“I will keep my eye on him for a few days. If he makes on wrong move, I’ll be in touch.”

“It’s incidents like the tire slashing that I’ve feared. My fear has increased with every anonymous call I have made to the police. Vandalism is bad enough, but if my name is any way tied to a scandal or criminal act, my teaching job will be in jeopardy. Consider that possibility before you ask me to make another call, Sam.”

There was a long pause before he spoke. “I promise not to ask you to make another phone call.” He paused before continuing, “What am I supposed to do when I have information that can prevent a crime? Keep quiet?”

“Don’t hang out at Barney’s.”

“Danny never went to Barney’s. Neither did Rhonda or Chip Singleton.”

“I feel torn, Sam. I like helping people, but I don’t like being put in harm’s way.”

“Who does? How is your weekend lining up?”

“I am having lunch with Dad on Sunday. So much has been going on that I have been neglecting him.”

“It’s ironic, Joanna, for years you complained about your dad being unavailable. Now that he lives less than twenty miles from your front door, you rarely call him and visit even less.”

Joanna snapped, “Are you my conscious now, Sam?”

“Calm down. Everyone needs a nudge from a friend now and again.”

Joanna took a moment to organize her thoughts. “Despite my efforts, old habits keep creeping back in to annoy me. It took years to teach myself not to miss him, not to have expectations. When I was younger I prayed that he would finally wake up and notice me. Especially after Mom died. Now, because of our history, I sometimes forget that he is close by and that he has changed. Last week, I had free time, plenty of time to drive out to see him. But then I thought why bother, he will be on the phone or on the computer. It wasn’t until an hour later that I remembered that he rarely uses either these days.”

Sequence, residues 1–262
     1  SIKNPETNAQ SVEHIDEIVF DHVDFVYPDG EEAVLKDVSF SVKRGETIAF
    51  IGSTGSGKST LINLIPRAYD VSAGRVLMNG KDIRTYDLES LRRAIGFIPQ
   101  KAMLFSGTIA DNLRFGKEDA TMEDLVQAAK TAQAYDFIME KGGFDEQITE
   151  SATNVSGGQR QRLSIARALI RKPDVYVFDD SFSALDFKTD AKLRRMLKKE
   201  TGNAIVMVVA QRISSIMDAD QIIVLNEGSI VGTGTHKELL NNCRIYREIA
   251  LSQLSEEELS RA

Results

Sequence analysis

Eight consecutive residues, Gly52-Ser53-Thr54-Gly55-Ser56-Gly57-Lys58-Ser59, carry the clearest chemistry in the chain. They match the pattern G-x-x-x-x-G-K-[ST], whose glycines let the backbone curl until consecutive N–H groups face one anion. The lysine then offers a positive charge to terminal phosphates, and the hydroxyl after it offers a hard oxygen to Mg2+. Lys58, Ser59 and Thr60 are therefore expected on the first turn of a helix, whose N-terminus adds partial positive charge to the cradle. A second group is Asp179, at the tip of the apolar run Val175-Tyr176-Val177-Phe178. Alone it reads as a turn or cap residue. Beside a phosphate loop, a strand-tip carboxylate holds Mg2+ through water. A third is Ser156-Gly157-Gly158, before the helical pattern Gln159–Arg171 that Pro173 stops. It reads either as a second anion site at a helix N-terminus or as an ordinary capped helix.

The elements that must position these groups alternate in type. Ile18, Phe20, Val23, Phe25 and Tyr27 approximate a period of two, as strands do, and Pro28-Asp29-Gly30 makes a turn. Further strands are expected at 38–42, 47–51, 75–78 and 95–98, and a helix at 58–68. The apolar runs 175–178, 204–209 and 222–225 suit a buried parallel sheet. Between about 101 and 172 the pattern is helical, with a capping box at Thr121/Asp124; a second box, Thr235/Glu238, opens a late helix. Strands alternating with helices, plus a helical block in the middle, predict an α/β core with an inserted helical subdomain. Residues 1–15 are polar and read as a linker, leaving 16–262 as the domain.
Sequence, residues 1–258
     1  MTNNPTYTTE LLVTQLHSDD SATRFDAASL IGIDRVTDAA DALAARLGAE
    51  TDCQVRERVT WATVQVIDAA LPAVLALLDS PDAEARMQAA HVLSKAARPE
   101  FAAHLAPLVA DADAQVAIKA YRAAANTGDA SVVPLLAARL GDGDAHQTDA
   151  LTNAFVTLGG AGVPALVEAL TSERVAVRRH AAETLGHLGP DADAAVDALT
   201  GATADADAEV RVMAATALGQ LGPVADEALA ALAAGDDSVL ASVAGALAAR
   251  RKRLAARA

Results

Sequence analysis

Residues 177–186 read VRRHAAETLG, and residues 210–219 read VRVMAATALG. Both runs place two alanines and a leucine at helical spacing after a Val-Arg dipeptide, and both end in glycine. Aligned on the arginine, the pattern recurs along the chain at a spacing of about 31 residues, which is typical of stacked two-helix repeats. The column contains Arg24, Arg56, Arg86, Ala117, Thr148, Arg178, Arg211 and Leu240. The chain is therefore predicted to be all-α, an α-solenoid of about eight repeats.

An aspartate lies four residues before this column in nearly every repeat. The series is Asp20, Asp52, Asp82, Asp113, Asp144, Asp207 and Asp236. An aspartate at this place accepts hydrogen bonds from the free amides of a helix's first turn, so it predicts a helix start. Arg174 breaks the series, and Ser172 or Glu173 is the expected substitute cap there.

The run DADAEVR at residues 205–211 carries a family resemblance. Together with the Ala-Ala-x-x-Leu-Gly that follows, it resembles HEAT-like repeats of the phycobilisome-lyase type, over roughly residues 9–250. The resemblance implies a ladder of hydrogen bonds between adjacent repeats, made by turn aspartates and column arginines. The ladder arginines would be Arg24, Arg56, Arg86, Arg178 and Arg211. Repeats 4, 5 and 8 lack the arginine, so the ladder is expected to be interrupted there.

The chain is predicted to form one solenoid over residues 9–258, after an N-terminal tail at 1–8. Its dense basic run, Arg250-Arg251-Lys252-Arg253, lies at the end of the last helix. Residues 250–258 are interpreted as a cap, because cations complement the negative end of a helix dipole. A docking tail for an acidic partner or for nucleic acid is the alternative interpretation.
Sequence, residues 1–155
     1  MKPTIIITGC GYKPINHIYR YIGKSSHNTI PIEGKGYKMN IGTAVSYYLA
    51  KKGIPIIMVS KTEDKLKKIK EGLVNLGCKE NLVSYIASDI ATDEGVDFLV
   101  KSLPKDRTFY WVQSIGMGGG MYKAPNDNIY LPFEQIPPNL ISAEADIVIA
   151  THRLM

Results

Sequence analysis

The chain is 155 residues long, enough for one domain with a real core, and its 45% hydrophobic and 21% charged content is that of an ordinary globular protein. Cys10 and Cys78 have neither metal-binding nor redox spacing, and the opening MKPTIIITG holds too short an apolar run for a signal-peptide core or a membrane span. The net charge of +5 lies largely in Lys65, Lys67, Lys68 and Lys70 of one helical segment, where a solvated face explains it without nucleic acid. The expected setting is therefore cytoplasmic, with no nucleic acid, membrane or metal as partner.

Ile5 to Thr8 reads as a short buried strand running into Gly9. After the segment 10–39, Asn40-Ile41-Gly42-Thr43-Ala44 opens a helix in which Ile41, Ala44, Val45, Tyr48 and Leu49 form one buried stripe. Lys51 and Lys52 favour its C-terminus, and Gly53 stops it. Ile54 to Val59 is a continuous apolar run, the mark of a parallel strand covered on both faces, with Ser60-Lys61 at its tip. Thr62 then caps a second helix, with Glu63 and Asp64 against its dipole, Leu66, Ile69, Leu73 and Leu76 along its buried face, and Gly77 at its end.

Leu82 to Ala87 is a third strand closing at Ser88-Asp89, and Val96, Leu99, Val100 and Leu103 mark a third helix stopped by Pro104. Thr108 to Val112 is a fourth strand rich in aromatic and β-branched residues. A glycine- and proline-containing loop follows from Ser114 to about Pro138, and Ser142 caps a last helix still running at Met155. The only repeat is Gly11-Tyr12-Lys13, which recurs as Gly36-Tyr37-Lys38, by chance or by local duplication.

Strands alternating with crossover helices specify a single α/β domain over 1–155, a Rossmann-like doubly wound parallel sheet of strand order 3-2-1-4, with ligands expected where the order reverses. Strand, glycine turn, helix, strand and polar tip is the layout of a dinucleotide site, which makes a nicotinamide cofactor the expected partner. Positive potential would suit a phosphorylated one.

“You can’t undo the past, Joanna. Give him a break. The man lived out of a suitcase for years, and that could not have been easy.”

“You are throwing hard punches tonight, Sam!” She loved her dad, she did, but she feared getting attached. The only person she completely trusted was her Aunt Polly. She had been there for Joanna through the hard times and the good times. “Sam, are you aware that Dad gets one or two calls a week about consulting jobs.”

He shrugged. “I am not surprised. Your dad does not do anything halfway.”

“He is still a young man. He could bring in the big bucks for another ten years. The opportunities must be tempting.”